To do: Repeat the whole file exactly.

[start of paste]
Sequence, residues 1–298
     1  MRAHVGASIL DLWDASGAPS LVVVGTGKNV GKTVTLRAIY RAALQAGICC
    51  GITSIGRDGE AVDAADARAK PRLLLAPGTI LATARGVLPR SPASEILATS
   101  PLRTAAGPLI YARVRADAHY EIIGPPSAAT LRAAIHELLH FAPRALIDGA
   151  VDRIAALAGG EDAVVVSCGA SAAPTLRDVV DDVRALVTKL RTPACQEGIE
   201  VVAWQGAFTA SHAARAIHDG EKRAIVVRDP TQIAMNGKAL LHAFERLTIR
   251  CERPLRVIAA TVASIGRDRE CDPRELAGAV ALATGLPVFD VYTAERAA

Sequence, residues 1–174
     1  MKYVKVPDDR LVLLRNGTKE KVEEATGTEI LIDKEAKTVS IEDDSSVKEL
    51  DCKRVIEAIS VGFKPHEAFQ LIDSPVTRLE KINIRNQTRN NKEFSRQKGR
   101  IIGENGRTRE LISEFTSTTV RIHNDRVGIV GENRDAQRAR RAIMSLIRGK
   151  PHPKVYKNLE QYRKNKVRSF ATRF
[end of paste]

Sequence, residues 1–298
     1  MRAHVGASIL DLWDASGAPS LVVVGTGKNV GKTVTLRAIY RAALQAGICC
    51  GITSIGRDGE AVDAADARAK PRLLLAPGTI LATARGVLPR SPASEILATS
   101  PLRTAAGPLI YARVRADAHY EIIGPPSAAT LRAAIHELLH FAPRALIDGA
   151  VDRIAALAGG EDAVVVSCGA SAAPTLRDVV DDVRALVTKL RTPACQEGIE
   201  VVAWQGAFTA SHAARAIHDG EKRAIVVRDP TQIAMNGKAL LHAFERLTIR
   251  CERPLRVIAA TVASIGRDRE CDPRELAGAV ALATGLPVFD VYTAERAA

Sequence, residues 1–174
     1  MKYVKVPDDR LVLLRNGTKE KVEEATGTEI LIDKEAKTVS IEDDSSVKEL
    51  DCKRVIEAIS VGFKPHEAFQ LIDSPVTRLE KINIRNQTRN NKEFSRQKGR
   101  IIGENGRTRE LISEFTSTTV RIHNDRVGIV GENRDAQRAR RAIMSLIRGK
   151  PHPKVYKNLE QYRKNKVRSF ATRF